Many optometrists draw on their childhood memories of visiting the eye doctor to decide how they will provide care for their patients. But Jana Widell has a very different—and rather unique—memory that informs her idea of a great eye care practitioner: her former desire to be an actress. “I actually found that many stage components can be utilized in patient care, such as effective communication and teamwork,” she says.
Degree: Doctor of Optometry (2019)
Hometown: Washingtonville, New York
Undergraduate Education: SUNY New Paltz and Brooklyn College — Theater Arts (2006)
Leadership Position: Beta Sigma Kappa Honor Society secretary (2017-2019)
What is your optometry origin story?
My father was an optician and owner of an optical store in my hometown. I worked with him throughout high school and college. He taught me how to be a positive influence on those needing help choosing eyeglasses. It was my dad who introduced me to the foundation of patient care. Moving to New York City to pursue theater, I worked various optical jobs using what I had gained from him. This helped me realize my passion for eye care. I am drawn to optometry because it allows me to help patients and also fosters my interest in the science of the eye, vision and health care.
Which leadership positions did you hold at the College and why was this work important to you?
I was the secretary of Beta Sigma Kappa, and having this role allowed me to organize meetings and tutors to help fellow students. Additionally, I contributed to the College’s recent strategic planning process. This was very important to me because I was the liaison between the students and the committee to discuss significant matters in the school.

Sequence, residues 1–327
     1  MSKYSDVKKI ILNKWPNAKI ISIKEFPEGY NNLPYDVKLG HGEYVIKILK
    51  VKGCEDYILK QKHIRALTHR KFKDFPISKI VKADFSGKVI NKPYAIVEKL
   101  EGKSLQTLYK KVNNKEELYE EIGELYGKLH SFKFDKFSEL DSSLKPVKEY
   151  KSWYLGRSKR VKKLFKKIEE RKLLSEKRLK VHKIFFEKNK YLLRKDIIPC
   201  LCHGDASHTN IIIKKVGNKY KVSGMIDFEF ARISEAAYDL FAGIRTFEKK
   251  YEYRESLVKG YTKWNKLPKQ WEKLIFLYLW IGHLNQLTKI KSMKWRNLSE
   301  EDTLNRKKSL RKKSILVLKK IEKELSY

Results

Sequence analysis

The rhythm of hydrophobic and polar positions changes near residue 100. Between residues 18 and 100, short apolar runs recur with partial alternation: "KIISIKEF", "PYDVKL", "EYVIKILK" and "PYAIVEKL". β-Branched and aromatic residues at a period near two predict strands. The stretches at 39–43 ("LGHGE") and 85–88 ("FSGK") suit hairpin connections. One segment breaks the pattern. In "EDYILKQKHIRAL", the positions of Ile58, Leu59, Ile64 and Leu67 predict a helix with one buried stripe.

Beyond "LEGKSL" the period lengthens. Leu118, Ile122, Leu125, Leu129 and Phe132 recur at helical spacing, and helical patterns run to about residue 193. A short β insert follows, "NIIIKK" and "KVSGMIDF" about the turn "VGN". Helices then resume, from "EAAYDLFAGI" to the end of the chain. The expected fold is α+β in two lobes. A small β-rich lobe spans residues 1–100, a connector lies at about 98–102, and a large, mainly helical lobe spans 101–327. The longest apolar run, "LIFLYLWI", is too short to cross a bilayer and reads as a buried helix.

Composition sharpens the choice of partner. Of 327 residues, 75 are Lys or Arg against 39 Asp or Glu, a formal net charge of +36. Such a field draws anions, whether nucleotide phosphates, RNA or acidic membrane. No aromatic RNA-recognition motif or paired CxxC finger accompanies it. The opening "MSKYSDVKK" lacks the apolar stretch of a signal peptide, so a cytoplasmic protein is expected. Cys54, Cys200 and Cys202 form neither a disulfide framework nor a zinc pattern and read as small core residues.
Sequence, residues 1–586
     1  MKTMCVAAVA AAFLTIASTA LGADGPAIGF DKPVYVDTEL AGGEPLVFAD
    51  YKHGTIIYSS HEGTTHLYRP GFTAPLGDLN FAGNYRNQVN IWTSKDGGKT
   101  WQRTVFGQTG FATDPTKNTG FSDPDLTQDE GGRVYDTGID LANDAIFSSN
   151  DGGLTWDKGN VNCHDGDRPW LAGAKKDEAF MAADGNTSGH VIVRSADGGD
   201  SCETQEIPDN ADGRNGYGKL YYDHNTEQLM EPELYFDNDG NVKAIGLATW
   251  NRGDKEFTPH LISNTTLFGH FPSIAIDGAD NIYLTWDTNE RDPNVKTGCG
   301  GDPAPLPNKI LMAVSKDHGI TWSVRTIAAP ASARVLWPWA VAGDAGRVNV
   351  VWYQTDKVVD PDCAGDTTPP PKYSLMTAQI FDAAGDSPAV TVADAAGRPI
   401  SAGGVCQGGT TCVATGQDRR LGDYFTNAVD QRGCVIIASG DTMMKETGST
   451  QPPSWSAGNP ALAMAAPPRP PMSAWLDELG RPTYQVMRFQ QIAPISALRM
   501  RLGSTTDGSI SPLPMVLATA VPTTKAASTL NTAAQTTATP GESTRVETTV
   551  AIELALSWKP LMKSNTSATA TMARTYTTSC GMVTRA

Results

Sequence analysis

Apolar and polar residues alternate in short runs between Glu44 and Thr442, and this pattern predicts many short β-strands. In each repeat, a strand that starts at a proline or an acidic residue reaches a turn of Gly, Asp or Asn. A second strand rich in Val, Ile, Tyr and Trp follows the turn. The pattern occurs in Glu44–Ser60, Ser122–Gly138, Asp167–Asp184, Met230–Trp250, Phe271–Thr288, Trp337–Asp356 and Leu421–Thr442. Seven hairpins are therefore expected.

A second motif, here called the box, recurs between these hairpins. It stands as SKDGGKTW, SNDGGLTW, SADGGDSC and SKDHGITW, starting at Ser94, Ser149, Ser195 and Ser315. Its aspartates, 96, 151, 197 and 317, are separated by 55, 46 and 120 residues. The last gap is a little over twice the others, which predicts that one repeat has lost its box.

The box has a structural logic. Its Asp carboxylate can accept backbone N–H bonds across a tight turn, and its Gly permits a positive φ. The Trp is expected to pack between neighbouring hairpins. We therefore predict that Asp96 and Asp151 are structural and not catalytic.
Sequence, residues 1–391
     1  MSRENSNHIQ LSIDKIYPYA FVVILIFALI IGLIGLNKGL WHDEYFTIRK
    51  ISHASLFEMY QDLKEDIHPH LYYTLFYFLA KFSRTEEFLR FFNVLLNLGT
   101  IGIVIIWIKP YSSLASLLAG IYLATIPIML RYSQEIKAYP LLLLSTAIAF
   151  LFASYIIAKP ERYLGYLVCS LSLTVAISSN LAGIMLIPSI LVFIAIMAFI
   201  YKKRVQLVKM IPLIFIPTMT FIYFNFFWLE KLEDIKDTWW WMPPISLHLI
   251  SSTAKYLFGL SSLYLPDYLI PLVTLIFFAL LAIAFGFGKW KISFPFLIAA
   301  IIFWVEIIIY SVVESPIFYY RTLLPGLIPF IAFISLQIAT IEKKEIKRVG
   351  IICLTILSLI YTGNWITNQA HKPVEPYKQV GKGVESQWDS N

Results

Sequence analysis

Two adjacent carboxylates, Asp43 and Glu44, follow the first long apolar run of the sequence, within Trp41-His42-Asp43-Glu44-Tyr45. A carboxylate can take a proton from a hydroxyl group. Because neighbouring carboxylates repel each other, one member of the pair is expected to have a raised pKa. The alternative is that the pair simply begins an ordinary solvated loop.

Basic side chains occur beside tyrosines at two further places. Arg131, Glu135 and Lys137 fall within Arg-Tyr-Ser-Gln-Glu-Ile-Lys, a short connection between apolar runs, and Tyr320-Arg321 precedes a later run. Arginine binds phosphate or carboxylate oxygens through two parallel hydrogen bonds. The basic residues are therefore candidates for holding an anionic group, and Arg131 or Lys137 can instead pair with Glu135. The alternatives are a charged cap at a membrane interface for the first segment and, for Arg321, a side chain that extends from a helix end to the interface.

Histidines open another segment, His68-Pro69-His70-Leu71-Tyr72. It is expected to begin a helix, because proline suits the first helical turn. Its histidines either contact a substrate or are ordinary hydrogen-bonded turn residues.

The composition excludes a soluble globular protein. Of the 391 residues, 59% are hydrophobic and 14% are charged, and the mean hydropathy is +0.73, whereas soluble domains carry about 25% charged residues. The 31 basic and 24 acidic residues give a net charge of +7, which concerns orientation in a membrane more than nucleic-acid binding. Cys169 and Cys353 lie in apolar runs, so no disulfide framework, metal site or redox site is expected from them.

What is your fondest memory of your time at the College?
It was the chance to travel to Washington D.C. for Optometry’s Meeting. It was exciting to petition for optometry on Capitol Hill and to meet students from all over the country.
What’s your best advice for incoming and current students?
Truthfully, my advice would be to worry about your own work and progress without constantly comparing yourself to others. I had to spend more time studying and practicing than many of my other classmates to achieve my goals and for a while I wondered why. I learned that it didn’t matter why. Everyone learns and develops in their own way, and in the end, my work paid off tenfold.
What is next for you?
I am doing a residency in primary eye care at SUNY Optometry. I also have a passion for teaching, so academic instruction is something I see in my future.
Media Contact: Amber E. Hopkins Tingle, 212.938.5607, email@example.com